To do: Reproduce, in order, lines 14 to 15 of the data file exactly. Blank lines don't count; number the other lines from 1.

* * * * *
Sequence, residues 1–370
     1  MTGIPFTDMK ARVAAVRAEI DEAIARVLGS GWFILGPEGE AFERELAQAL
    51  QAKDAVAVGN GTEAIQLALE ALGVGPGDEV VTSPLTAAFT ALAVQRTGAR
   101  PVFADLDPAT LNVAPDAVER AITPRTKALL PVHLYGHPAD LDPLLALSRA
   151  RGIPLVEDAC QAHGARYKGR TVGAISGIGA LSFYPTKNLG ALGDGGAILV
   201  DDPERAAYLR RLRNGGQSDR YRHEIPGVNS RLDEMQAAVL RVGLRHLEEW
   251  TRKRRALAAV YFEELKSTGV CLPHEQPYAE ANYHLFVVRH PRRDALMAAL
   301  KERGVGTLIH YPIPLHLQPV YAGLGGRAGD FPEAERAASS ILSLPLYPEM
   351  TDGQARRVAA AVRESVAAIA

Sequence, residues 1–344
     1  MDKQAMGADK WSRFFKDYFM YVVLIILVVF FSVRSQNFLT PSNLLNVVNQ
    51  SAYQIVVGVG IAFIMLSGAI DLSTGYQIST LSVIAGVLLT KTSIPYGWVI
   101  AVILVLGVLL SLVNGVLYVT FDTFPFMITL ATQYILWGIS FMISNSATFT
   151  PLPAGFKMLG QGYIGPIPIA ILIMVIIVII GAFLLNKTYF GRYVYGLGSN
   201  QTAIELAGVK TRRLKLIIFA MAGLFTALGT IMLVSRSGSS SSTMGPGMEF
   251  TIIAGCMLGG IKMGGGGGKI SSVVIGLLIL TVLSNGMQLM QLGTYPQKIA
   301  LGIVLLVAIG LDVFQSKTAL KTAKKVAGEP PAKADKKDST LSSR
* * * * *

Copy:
   151  PLPAGFKMLG QGYIGPIPIA ILIMVIIVII GAFLLNKTYF GRYVYGLGSN
   201  QTAIELAGVK TRRLKLIIFA MAGLFTALGT IMLVSRSGSS SSTMGPGMEF